Buy-side firms who trade illiquid securities or OTC products are apt to face the most far- reaching impact from the regulation, noted Aite Group.

“In terms of fixed income, the reality of an OTC market without a central-record of prices or volumes is going to make this challenging, especially for illiquid securities that don’t trade for days or weeks,” said Mindlin. “It’s very hard to measure transaction costs for illiquid corporates, some of which don’t trade for days or weeks. Firms are going to need an aggregation of prices from various sources to determine a fair value of those bonds,” he said.

If that’s not helping, then the buy-side may have to do their own implied valuation to figure out what a bond is worth. Some technology providers are offering request-for-quote (RFQ) solutions to provide an audit trail for illiquid and bespoke products.  RFQ technology will enable buy-side traders to set up their own RFQ for capturing bids and offers. With the lack of centralized price feeds for bonds, Aite sees a need for indicative valuation and manual comparison of competing quotes to fuel TCA for fixed income.

Considering Likelihood of Settlement

Another issue is that under MiFID II buy-side traders are required to consider “the likelihood of settlement” as part of their execution decision.  “There are significant problems if the trades fail because the broker fails to deliver,” noted Mindlin. “You may only see the price they are giving you, but not see that the broker has a history of failing on trades,” he said. “The trading desk is going to get that information from the back office or middle office because the front office is the one that needs to show how it routes orders to brokers,” explained Mindlin.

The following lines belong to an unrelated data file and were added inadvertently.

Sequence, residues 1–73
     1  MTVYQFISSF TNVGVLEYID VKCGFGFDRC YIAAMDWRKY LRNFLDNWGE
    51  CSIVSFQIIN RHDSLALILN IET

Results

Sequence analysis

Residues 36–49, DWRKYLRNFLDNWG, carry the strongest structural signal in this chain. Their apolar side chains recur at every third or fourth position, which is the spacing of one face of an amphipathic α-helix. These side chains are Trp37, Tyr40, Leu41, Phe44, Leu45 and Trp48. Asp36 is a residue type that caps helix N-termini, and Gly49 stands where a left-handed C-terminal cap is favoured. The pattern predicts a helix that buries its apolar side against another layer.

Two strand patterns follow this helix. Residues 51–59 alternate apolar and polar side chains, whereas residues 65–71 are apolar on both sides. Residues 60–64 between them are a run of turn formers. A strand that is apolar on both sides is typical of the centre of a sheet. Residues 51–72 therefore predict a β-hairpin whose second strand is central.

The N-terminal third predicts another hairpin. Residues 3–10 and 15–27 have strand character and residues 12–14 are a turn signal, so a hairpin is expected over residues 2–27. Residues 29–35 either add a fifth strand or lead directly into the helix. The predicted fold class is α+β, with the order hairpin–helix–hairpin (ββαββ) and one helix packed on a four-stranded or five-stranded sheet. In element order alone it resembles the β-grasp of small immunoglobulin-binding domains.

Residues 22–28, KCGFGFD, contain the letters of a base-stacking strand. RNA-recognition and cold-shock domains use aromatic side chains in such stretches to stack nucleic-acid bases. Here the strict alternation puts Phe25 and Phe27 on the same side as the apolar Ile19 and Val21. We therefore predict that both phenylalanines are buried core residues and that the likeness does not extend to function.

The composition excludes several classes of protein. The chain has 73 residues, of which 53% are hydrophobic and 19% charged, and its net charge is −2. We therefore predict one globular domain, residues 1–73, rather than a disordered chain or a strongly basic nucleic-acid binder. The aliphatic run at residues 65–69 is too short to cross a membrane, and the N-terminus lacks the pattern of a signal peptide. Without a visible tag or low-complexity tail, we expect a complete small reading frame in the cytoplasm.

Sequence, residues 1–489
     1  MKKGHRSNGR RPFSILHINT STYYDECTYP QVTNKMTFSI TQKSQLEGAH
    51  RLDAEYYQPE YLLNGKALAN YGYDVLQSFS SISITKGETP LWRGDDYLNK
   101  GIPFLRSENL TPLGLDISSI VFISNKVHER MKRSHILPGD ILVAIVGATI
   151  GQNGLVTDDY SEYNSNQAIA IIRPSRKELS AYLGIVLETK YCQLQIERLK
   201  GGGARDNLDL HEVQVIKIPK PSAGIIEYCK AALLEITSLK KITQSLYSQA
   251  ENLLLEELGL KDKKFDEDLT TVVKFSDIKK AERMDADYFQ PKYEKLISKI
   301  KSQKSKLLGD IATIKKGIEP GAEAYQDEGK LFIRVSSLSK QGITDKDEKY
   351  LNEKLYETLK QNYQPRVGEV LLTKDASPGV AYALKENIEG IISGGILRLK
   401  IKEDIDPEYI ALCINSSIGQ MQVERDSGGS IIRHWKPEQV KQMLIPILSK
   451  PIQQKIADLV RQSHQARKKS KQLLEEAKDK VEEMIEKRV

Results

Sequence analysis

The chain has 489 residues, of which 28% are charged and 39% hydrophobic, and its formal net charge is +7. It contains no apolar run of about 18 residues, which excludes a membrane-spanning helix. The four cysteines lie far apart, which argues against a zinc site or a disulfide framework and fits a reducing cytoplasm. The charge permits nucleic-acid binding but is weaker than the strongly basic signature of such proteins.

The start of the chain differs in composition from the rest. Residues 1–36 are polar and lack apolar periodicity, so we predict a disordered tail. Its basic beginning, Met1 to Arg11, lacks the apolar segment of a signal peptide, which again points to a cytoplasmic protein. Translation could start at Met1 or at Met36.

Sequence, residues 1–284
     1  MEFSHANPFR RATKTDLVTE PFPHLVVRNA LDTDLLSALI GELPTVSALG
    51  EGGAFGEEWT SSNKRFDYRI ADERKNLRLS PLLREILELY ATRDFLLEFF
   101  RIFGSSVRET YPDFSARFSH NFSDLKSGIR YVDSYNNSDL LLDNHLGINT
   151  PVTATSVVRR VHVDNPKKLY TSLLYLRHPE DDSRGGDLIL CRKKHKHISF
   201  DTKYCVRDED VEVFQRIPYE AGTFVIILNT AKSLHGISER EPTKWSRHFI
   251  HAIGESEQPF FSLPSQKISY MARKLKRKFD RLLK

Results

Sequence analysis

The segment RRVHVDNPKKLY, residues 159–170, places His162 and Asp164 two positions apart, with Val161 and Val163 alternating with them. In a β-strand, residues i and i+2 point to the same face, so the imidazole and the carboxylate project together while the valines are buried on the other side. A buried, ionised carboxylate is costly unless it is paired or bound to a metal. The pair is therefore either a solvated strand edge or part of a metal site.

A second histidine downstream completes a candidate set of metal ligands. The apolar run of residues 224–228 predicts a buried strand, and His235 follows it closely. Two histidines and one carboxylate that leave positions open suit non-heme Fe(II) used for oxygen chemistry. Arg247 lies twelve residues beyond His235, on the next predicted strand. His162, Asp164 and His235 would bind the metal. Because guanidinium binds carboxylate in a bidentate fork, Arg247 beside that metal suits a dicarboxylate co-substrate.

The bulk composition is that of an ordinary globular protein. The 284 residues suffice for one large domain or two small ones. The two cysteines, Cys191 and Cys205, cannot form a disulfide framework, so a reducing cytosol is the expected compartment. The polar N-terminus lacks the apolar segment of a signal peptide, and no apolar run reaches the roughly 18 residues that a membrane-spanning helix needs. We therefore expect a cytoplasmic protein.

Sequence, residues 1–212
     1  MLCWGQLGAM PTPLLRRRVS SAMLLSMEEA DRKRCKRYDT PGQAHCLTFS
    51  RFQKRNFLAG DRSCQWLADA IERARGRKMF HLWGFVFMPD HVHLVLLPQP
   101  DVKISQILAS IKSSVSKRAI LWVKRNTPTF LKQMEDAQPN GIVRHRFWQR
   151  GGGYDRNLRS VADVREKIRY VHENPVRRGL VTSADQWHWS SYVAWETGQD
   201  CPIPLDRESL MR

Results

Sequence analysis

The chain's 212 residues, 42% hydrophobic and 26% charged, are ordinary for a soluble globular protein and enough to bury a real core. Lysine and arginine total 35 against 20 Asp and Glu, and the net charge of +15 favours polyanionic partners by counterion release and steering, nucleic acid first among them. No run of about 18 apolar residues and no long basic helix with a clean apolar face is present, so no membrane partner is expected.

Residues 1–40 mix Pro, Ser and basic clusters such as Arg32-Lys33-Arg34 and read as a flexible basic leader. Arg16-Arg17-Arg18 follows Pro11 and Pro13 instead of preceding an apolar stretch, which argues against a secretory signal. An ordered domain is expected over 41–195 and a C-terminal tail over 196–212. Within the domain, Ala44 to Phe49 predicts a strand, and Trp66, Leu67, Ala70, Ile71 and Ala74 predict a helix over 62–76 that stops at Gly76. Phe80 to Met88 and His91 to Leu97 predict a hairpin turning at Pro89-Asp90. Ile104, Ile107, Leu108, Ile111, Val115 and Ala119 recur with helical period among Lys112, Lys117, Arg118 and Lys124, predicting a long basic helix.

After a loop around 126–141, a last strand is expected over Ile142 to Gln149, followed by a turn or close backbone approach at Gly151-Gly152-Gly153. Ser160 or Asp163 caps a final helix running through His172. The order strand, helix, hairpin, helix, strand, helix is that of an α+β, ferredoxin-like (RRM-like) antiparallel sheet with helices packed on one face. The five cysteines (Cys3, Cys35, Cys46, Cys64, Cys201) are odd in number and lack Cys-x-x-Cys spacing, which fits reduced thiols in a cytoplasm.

“Someone trading an illiquid bond or an OTC derivative is going to be more exposed to inspection. A regulator is going to want to see that the firm factored in five-or-eight criteria into their decision making tree. However that grand vision may not work, said the analyst. It might be more of a manual process, where every month the front office looks at a settlement report, and figures out which broker to route orders to,” he said.  Applications such as an integrated book of record, or IBOR, can take information from the back office or middle into the hands of the front office. This is one way in which firms can prove they considered settlement in the multi-factor model of best execution.